This morning I overheard someone — another graduate student, though one I don’t know personally — talking about how people who don’t worship her god must think that they are the supreme authority on everything and must not recognize their own shortcomings. It was an interesting synchronicity, as I have been thinking about my new school year resolutions. (The changing of the calendar year doesn’t mean much for me, but the academic calendar tracks my life’s progress in much more immediate terms. I always find myself reflecting on my habits and planning ways in which I will improve right around the time that I am buying fresh new notebooks and restocking my supply of pens.) In the spirit of correcting this kind of misconception, and of increasing my feeling of accountability by making public promises, I thought I’d go through a few of the ways that this atheist clearly does not consider herself to be the embodiment of perfection.
I’ve been in graduate school for a couple years now, and it’s about that time when I start running out of steam. (To be honest, it’s a little past that time when I started. I’m getting quite low on steam.) It’s an interesting beast, this dissertation research … having to set your own deadlines to get projects finished, papers written, and new projects planned. I am determined to finish my degree, though, so as the semester begins I am rededicating myself to my research work. I’m reminding myself of the obligations I have to my supervisors and labmates, and of what made me excited about this work in the first place. I’m going to keep an eye on that light at the end of the tunnel and make sure that I get there. This means being more disciplined about my work schedule, particularly my alarm clock settings, and being more focused on work while I am supposed to be doing it. It means reading papers with the goal of understanding the broader implications for my area of science, rather than just for extracting a particular detail or two in answer to specific questions. It also means being more attentive in seminars and colloquia, and asking more questions to be sure that I am synthesizing the information. I don’t expect to feel like I know everything about my subfield by the time I finish — far from it — but I definitely know I need to pick up a lot more. So this is one easy area in which I can say I am not a supreme authority.
I’m also rededicating myself to a handful of other projects which have been floating out in my periphery for some time. There are a couple student groups I’m involved in and which I want very much to continue to exist. There’s some work for a nonprofit I volunteered for a while back and which is going to ramp up in commitment level soon. Somewhat counterintuitively, I think that all these things will fuel each other rather than get in each other’s way. It’s a matter of building up momentum and then letting it carry me. I want to be involved in efforts that are meaningful and valuable to me, but there’s — if you’ll permit me yet another science analogy — a sort of activation energy that I need to get over in order to reach my full potential. That’s something I hope to achieve, or at least get closer to achieving, this year.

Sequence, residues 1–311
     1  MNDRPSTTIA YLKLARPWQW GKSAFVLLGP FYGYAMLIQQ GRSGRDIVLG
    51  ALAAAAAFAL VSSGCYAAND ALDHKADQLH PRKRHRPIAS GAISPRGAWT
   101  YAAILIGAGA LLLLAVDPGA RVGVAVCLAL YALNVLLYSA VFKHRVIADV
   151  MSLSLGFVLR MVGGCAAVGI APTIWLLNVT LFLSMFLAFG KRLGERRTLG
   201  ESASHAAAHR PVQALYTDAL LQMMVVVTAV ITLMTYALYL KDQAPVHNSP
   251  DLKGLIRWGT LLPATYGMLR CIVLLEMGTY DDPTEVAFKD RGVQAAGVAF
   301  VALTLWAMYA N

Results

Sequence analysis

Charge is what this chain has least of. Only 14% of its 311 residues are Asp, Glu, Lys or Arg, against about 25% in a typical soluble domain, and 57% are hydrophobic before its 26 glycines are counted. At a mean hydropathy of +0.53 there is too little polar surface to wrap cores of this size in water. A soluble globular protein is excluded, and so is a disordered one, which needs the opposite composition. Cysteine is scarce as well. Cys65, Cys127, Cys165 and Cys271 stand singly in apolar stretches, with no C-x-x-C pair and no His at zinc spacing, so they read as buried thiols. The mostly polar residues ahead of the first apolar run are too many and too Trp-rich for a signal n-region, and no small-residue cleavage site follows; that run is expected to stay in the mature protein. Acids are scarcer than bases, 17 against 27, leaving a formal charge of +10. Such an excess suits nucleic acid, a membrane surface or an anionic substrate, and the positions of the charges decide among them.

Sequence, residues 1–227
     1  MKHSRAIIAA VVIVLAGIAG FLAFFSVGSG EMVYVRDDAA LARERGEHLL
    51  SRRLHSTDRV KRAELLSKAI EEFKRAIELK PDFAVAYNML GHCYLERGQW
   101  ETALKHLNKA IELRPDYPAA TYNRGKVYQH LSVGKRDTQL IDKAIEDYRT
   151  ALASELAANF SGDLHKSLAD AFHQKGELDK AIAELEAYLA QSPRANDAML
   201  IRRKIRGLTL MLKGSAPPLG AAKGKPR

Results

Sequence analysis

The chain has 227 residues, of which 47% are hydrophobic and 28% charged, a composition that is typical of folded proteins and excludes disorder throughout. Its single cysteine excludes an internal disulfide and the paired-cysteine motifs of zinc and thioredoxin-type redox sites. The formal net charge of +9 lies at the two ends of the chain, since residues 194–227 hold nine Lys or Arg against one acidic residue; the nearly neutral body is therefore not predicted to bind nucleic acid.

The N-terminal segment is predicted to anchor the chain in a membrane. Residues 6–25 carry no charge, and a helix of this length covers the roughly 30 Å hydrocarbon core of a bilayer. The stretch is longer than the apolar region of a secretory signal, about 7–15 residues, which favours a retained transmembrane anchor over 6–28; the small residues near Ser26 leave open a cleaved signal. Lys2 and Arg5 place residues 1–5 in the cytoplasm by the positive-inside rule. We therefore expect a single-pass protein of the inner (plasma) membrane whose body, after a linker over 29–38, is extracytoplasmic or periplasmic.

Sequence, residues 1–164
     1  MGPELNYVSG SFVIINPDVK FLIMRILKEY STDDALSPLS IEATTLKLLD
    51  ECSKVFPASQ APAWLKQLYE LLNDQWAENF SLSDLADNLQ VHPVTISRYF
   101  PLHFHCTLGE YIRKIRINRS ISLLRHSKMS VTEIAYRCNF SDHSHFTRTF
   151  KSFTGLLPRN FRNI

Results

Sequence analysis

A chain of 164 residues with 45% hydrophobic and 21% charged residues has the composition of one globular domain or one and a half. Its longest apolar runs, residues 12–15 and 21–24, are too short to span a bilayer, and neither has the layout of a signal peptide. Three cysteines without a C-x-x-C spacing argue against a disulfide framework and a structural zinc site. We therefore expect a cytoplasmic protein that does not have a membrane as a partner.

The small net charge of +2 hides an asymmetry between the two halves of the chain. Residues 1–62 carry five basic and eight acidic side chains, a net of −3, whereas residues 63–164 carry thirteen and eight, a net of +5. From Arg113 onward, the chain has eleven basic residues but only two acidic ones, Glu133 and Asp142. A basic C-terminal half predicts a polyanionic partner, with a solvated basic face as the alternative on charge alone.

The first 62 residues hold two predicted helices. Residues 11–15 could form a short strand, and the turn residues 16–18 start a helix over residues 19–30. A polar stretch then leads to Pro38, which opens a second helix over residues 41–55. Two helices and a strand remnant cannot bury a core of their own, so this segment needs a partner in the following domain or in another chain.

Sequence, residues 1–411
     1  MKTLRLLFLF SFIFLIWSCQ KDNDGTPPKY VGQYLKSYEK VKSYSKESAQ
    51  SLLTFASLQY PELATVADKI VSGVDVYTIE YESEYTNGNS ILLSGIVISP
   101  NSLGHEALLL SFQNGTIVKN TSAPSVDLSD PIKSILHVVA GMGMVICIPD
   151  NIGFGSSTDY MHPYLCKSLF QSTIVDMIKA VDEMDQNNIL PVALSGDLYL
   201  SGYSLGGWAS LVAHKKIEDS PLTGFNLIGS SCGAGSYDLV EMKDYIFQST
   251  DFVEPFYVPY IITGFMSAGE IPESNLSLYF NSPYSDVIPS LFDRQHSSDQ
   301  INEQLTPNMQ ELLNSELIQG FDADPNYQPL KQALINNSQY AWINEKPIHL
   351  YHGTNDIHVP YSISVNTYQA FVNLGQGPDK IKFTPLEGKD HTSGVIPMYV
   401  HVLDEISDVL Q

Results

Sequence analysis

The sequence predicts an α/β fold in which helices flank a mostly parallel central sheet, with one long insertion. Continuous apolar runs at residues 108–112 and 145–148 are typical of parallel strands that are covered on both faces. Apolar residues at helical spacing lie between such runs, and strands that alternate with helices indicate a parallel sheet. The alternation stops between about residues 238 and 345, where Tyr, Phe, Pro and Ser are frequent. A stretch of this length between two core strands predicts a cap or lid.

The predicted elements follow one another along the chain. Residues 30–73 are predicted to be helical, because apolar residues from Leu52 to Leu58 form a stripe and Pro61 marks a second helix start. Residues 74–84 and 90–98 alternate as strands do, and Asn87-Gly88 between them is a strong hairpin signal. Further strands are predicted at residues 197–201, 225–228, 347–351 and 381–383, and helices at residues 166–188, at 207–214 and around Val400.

In the style of new year’s resolutions, I plan on making improvements to my eating habits and to my exercise schedule. In somewhat typical grad student fashion, I could do with a lot less crappy processed food and more wholesome, vegetabley-type things. I could stand to replace some of this sitting around at computers with some more physical activity. I’m intending to work from a pretty straightforward calories-in versus calories-out model, but I’m also open to (evidence-based) tips from out there in readerland and elsewhere on the internet.
I also have some resolutions for this blog that are particularly pertinent to the idea of not knowing everything out there. I have a ton of blog post ideas that I keep putting off writing because they involve a fair amount of research into history or into belief systems I am unfamiliar with. I don’t want to write them with the pretension of knowing all the relevant facts, but at the same time I’ve been putting off actually learning those facts. I do find this whole enterprise very interesting, and I think we could have some great conversations here about the topics I have on tap, so I hope to set aside some regular time to do that research and write those posts — to think of it more as a part of my weekly schedule rather than as something I throw in there whenever it occurs to me.
As an atheist, I am comfortable recognizing that there are some things I don’t have answers to, and some ways in which things in my life won’t always run perfectly and smoothly. I prefer to live in reality, rather than inventing some mystical being that does have all the answers and will make sure things go according to plan. I don’t have to believe in original sin and the possibility of eternal damnation in order to recognize that as a human being I am a work in progress, and to put in that work to make that progress. If anything, it seems to me that devotion to an omni-whatever deity (and its supposed revelations and proclamations) is a much more arrogantly certain outlook on life than mine is.